do not authorize filing a separate statement responding to
the nonmoving party's controverting statement of facts.
See LRCiv 56.1(d). The moving party may include its
objections to the nonmoving party's controverting
statement of facts in its reply memorandum. LRCiv 7.2(m)(2).
The moving party would need to seek and obtain leave to file
another separate statement. If such leave were granted, the
nonmoving party would be granted opportunity to respond.
Therefore, the Court has not considered Defendants'
Response/Objections to Plaintiff's Separate Statement of
Facts in Opposition to Defendant's Motion for Summary
Judgment (Doc. 118), which is not authorized by the Local
Rules and for which leave of court was not sought. It is
stricken from the record.
in response to a motion for summary judgment, “any
objection in the party's response to the separate
statement of facts must be stated summarily without
argument.” LRCiv. 7.2(m). Therefore, the argument
included in Plaintiff's Separate Statement of Facts and
Response to Defendants' Statement of Facts (Doc. 112) has
not been considered.
UNDISPUTED MATERIAL FACTS
before midnight on September 11, 2013, Michael Collins was
stabbed on the grounds of the Missouri Crossing Apartment
Complex in Phoenix, Arizona. Two residents of the complex
called 911 and reported a man lying on the sidewalk, bleeding
profusely, and throwing gravel at a nearby car. The Phoenix
Police Department responded, and Officer Joel Kaminsky spoke
with Collins. Kaminsky recalled hearing Collins say he was
HIV-positive and had been stabbed by someone named
“Frankie.” Collins was transported to St.
Joseph's Hospital, and a police officer arrived at the
hospital before the ambulance. The officer asked Collins his
name several times before he responded,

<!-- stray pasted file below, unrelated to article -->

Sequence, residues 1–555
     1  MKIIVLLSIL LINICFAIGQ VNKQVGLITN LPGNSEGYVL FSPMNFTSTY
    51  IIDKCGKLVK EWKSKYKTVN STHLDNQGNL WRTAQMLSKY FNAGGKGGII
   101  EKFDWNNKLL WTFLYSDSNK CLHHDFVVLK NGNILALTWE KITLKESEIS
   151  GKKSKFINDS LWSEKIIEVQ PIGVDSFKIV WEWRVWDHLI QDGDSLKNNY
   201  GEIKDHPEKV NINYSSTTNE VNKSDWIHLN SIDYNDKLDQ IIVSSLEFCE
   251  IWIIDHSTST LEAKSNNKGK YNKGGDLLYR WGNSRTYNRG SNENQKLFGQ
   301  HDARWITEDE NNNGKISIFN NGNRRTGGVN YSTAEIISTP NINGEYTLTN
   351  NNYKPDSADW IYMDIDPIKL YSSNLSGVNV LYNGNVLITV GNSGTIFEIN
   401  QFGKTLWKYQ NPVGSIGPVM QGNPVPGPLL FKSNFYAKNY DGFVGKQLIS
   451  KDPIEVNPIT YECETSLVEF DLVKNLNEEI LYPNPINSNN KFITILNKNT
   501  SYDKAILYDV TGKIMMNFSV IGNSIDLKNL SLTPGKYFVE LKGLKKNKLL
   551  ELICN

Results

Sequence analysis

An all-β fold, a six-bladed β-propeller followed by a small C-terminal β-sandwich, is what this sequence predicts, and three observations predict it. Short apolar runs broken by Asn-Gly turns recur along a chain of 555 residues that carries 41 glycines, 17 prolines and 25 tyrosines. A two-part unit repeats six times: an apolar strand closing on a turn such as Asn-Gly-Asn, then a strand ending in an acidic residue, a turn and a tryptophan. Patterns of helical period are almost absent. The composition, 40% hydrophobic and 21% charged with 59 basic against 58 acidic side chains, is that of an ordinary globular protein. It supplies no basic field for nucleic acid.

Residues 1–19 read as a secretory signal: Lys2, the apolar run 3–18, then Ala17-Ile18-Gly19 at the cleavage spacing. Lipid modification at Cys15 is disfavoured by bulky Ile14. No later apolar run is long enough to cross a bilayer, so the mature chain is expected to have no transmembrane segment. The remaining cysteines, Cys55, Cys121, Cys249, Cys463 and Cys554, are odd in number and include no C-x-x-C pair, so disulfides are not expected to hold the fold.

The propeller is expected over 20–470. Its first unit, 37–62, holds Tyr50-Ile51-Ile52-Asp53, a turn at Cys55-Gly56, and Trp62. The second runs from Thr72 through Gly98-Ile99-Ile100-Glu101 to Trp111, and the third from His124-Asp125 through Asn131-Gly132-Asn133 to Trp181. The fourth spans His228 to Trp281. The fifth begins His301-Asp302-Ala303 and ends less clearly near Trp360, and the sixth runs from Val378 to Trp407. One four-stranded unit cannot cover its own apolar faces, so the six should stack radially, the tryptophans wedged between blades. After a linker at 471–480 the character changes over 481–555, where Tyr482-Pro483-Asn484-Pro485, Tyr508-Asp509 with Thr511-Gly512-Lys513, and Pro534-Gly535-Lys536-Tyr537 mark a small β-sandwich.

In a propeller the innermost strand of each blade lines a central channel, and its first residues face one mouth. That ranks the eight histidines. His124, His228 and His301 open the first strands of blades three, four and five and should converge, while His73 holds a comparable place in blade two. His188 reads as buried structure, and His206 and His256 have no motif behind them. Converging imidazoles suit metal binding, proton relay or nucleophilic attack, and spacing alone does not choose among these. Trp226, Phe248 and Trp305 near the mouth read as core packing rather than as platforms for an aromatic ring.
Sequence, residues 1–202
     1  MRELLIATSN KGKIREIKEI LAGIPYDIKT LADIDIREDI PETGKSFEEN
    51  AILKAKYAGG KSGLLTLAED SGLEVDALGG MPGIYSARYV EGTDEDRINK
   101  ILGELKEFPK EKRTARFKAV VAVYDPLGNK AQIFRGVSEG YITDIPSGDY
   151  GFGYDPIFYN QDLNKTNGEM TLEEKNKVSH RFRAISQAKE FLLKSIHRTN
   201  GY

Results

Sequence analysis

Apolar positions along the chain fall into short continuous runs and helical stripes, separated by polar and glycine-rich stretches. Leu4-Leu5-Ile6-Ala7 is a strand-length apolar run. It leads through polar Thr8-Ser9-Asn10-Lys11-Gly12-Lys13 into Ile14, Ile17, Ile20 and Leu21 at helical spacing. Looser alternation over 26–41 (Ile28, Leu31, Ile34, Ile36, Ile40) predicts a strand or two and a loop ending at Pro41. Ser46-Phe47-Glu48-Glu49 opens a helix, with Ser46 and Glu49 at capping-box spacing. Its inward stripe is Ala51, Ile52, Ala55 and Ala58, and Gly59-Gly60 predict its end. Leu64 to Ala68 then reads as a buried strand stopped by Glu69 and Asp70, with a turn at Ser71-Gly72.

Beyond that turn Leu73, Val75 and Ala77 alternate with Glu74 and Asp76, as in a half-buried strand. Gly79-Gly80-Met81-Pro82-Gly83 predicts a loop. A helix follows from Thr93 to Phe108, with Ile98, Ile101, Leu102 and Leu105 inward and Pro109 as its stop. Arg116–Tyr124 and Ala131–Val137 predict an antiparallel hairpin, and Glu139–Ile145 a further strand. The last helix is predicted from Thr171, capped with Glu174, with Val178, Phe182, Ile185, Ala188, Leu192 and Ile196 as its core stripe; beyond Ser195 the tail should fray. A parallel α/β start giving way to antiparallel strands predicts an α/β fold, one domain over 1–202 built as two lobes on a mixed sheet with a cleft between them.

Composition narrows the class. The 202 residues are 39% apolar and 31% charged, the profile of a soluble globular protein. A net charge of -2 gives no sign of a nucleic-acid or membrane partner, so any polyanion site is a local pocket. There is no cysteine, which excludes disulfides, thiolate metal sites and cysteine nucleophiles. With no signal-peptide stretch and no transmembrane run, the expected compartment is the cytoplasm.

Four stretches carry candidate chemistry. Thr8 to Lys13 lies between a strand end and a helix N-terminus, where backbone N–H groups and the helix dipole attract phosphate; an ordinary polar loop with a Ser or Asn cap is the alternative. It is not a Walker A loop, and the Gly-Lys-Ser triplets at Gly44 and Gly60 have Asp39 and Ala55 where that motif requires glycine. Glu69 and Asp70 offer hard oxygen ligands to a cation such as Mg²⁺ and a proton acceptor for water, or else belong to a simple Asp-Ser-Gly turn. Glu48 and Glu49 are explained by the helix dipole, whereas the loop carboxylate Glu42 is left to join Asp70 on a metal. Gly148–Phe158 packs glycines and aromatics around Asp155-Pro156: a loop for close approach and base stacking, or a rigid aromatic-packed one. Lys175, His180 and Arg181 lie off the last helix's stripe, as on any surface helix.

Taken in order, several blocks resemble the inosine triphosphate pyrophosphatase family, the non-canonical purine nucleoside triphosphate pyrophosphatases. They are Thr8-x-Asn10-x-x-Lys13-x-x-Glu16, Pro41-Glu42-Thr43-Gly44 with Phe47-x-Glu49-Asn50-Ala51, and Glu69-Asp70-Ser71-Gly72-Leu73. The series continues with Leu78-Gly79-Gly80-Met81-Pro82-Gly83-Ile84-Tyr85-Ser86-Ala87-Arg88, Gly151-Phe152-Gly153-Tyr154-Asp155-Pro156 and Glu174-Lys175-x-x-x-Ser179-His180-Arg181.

“Michael.” The officer then asked Collins who had
stabbed him. The officer believed that Collins responded,
“Frankie.” Collins was unable to answer any
further questions. Collins subsequently underwent amputation
of his left arm, suffered multiple strokes, and died on
September 16, 2013.
officers arrived at the apartment complex, there was blood on
the ground around the victim, on the sidewalk, on a stairway
between the ground floor and the second floor, on the
second-floor landing in front of the doors to apartments
A-10, A-11, and A-12, and on the door to apartment A-11.
Police interviewed people who were standing near the victim,
those who had called 911, and residents who were home and
answered knocks on their doors.
officer spoke with the resident of apartment A-10 and
reported finding no blood inside A-10. When no one responded
to a knock on the door of apartment A-11, a key to A-11 was
obtained from a maintenance person for the complex, who said
that the occupant of A-11 had been evicted earlier in the
day, and he believed the apartment was empty. When the door
to apartment A-11 was opened, Plaintiff Denny Rizzo emerged
and said he had not answered the door because he thought the
officers were there to evict him. Four officers checked the
apartment and found no one else or any signs of an
altercation in the apartment or on Rizzo. They told Rizzo to
go back inside the apartment. After police learned that Rizzo
had an outstanding misdemeanor arrest warrant from the City
of Glendale, he was arrested on the misdemeanor warrant and
taken to police headquarters.